The beginning of “Rebuilding Paradise” is a heart pounding re-telling of the 2018 Camp fire, one of the most destructive and deadliest blazes in the history of California. Cut together with news reels and phone footage from survivors from the city of Paradise, one particularly gripping moment showed a family driving through what was seemingly a nighttime hellscape of burning homes and cars, only to reveal daylight as their car pushed through the smoke. Silent until they could see the blue sky, the terrified family let out a chorus of sobs and relief as they drove by their city sign on fire.
The townspeople of Paradise suffered horrific consequences during the Camp fire, losing family members, loved ones and all of their possessions. But it wasn’t the fire that Academy Award winning director Ron Howard wanted to focus on — it was what came next.
The director knew that while it was important to establish the scale of the tragedy, he also wanted to show the resilience and strength that drove the families through the pain, looking for that next patch of sky.
Howard spent 11 months documenting the residents who worked to return their town from the ashes left over after fires subsided. In Variety‘s “Doc Dreams,” presented by National Geographic and hosted by Meredith Woerner, Howard discusses the project and what it’s like doing documentaries after a successful career in scripted film and television.
Despite his years on film sets and previous work on several documentaries, Howard learned a few new things while sorting through his first cinéma vérité style doc. “Trust the medium, trust the process,” Howard said. “Human beings live lives in sort of narrative cycles; it was very apparent to learn from this brand of storytelling and this discipline.”
The director estimates that original footage followed between 20 and 25 subjects, but that amount was soon whittled down to those actively working and taking charge in the restoration efforts.
“There were a lot of people who we began following who fell away, not so much because they stopped talking to us, but because they decided not to stay,” he said. “A lot of the people we began focusing on were the ones who were innately a little more resilient. And they were kind of natural leaders — they were the ones who kept showing up.”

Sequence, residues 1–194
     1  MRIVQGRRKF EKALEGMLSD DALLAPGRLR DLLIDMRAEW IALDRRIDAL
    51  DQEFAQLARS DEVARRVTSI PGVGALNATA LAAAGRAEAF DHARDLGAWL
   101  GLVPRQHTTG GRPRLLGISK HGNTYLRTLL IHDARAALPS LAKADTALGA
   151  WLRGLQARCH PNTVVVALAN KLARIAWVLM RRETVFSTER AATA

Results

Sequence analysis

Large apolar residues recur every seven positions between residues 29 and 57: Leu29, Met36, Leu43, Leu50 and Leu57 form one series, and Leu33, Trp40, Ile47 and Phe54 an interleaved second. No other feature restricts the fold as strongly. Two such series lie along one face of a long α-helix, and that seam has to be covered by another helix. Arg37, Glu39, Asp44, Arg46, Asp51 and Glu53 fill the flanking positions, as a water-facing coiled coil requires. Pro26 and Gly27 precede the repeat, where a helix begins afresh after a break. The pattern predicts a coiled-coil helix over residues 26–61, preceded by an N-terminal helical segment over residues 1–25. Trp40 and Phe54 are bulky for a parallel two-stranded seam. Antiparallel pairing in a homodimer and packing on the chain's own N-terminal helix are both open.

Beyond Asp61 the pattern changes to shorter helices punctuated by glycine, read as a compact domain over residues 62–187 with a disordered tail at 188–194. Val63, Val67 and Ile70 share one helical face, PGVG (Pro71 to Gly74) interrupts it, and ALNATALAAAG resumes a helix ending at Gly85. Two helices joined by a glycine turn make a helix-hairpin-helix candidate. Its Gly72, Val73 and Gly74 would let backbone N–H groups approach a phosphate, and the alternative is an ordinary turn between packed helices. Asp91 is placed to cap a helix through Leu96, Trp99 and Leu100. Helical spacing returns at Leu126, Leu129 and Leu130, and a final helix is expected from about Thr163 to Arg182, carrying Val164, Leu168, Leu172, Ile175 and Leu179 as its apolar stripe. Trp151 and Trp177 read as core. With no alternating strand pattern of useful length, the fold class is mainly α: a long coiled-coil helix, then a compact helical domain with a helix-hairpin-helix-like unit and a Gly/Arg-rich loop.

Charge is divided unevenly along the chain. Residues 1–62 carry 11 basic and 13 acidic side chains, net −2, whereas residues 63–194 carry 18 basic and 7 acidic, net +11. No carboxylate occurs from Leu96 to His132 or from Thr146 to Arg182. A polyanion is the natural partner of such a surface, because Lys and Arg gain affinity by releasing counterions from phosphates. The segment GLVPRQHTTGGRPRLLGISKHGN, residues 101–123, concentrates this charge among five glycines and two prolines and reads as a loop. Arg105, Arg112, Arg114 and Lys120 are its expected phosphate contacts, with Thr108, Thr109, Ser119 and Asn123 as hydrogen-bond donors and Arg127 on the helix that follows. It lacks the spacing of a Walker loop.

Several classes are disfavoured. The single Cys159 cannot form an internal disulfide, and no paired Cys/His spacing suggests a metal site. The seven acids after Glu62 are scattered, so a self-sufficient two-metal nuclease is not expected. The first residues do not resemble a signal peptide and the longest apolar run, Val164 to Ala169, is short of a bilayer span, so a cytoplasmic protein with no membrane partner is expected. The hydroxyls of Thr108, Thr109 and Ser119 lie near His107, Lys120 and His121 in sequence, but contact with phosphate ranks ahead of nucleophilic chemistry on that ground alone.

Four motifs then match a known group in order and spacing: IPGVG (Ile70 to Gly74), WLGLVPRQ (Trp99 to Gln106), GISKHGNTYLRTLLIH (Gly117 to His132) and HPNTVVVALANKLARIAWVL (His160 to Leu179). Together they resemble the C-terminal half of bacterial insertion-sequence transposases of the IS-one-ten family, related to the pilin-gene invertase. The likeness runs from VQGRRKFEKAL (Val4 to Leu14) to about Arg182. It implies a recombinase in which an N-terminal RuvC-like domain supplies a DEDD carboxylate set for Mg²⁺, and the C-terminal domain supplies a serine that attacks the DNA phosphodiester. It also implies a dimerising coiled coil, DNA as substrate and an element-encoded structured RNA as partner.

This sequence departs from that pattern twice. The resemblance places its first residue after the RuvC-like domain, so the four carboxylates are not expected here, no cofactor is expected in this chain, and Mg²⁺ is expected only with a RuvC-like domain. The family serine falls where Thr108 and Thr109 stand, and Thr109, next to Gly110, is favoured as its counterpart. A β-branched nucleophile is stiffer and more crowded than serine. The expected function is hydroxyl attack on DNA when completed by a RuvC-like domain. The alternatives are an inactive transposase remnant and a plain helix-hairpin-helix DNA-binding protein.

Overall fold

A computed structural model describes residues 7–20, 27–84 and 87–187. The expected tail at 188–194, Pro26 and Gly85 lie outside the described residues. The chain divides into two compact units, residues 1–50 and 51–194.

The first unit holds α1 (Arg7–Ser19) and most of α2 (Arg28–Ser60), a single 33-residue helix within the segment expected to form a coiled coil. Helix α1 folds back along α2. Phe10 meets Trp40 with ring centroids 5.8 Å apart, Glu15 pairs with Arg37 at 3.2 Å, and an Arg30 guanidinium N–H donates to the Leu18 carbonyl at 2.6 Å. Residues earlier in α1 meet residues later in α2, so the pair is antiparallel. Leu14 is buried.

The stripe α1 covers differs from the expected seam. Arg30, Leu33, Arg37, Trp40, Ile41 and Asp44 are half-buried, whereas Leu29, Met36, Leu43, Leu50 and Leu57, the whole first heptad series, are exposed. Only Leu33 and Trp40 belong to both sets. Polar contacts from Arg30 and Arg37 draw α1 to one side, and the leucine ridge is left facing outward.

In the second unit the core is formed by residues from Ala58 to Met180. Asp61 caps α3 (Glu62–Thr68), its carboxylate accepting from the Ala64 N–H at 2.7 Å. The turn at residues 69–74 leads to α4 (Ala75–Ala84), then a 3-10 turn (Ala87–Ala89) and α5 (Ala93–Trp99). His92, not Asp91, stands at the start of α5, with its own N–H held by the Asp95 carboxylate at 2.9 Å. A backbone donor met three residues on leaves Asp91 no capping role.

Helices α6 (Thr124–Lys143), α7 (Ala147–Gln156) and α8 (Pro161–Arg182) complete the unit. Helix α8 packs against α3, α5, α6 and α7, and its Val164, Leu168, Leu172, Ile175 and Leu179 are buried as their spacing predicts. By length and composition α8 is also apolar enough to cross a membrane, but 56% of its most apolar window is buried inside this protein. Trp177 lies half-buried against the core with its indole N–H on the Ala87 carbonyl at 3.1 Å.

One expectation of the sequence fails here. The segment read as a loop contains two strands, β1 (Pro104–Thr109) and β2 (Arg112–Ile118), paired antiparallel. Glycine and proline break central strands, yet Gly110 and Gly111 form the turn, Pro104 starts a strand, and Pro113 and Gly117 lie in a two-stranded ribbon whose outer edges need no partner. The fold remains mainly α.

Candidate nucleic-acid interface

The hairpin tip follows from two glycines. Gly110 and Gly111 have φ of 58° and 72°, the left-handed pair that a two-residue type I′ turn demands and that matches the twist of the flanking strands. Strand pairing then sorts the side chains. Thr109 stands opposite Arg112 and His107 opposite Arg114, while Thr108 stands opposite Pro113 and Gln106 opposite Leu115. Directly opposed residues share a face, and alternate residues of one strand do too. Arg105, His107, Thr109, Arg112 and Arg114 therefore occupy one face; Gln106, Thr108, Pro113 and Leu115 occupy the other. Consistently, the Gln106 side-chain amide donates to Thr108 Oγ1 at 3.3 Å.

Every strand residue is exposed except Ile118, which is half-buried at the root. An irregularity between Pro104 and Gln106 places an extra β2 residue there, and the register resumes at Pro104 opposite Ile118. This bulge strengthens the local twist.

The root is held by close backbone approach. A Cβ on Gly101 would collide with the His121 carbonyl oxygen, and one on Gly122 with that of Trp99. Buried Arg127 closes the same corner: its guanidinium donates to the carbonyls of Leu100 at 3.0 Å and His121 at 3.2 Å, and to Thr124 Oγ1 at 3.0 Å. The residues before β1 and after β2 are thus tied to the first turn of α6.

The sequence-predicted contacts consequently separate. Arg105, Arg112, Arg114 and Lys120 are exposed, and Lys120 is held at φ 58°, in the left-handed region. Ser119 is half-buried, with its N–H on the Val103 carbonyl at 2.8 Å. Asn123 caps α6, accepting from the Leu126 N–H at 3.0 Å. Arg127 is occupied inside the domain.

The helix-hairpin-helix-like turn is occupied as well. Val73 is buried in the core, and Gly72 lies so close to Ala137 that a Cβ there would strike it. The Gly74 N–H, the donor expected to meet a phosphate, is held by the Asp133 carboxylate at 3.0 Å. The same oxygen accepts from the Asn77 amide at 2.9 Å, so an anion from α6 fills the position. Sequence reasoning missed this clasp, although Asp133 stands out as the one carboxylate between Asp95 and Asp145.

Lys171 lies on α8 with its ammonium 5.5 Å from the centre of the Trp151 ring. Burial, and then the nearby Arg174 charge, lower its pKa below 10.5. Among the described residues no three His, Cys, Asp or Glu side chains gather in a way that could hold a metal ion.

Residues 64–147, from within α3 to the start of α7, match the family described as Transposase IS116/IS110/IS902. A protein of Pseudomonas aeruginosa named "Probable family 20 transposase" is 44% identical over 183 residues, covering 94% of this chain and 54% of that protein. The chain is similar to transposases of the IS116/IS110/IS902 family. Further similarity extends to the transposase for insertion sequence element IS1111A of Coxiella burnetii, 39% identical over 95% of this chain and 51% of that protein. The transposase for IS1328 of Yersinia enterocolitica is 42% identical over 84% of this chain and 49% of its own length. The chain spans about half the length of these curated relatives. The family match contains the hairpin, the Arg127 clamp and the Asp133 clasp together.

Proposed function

“Rebuilding Paradise” also chronicled those spared by the fires who moved back into their smoke-ruined homes and were then being poisoned by their own water systems (the fire caused the plastic pipes to leech benzene into the town’s waterways). Paradise citizen Carly Ingersoll, a school psychologist, spent her days helping children cope with post-traumatic stress disorder but was told she should hold off trying to have children of her own while the town’s water was still polluted. Spoiler alert: Howard has since updated us that Ingersoll is currently pregnant and starting a family of her own.
As for working on a film set versus shooting in the field for a doc, Howard knows what he brings to the table as a seasoned professional and when he needs to step back. His guidance is best utilized in crafting a narrative, but when it comes to sit-down interviews, Howard says he’s still a little green.
“I have to say that I don’t really shine in those interview situations,” Howard admitted, saying he deferred to the producers now and again. “It is the difference between being a real journalist, a full on documentarian explorer, and I’m still a little green in in in that area. I don’t mind saying to Glenn Close, ‘Hey, let’s try it again, maybe a little more, maybe a little less,’ or ‘Amy Adams, let’s have a conversation about how emotional this scene is.’ But pushing to understand what’s going on with somebody like [police officer Matt Gates] or what it really feels like from Michelle [John] is something that I’m learning — to find the right way into those conversations.”
Watch the full conversation in the video above. “Rebuilding Paradise” is currently available on Hulu.